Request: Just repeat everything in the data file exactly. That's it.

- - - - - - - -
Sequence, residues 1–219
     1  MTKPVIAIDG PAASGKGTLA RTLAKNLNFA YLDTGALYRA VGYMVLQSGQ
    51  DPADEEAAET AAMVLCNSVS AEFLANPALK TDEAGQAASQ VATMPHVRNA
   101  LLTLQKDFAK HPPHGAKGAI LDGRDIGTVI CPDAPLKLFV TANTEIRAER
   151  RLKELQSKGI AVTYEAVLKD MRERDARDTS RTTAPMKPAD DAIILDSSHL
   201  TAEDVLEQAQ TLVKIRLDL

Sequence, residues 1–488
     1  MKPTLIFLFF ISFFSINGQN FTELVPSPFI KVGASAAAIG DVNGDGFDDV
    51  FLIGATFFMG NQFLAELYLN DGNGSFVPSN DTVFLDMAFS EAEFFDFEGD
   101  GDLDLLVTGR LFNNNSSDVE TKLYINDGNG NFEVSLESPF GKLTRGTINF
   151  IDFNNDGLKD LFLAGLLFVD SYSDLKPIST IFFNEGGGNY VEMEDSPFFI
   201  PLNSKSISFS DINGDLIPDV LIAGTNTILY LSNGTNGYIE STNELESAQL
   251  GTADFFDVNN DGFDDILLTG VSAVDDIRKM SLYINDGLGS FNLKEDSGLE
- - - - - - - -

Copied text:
Sequence, residues 1–219
     1  MTKPVIAIDG PAASGKGTLA RTLAKNLNFA YLDTGALYRA VGYMVLQSGQ
    51  DPADEEAAET AAMVLCNSVS AEFLANPALK TDEAGQAASQ VATMPHVRNA
   101  LLTLQKDFAK HPPHGAKGAI LDGRDIGTVI CPDAPLKLFV TANTEIRAER
   151  RLKELQSKGI AVTYEAVLKD MRERDARDTS RTTAPMKPAD DAIILDSSHL
   201  TAEDVLEQAQ TLVKIRLDL

Sequence, residues 1–488
     1  MKPTLIFLFF ISFFSINGQN FTELVPSPFI KVGASAAAIG DVNGDGFDDV
    51  FLIGATFFMG NQFLAELYLN DGNGSFVPSN DTVFLDMAFS EAEFFDFEGD
   101  GDLDLLVTGR LFNNNSSDVE TKLYINDGNG NFEVSLESPF GKLTRGTINF
   151  IDFNNDGLKD LFLAGLLFVD SYSDLKPIST IFFNEGGGNY VEMEDSPFFI
   201  PLNSKSISFS DINGDLIPDV LIAGTNTILY LSNGTNGYIE STNELESAQL
   251  GTADFFDVNN DGFDDILLTG VSAVDDIRKM SLYINDGLGS FNLKEDSGLE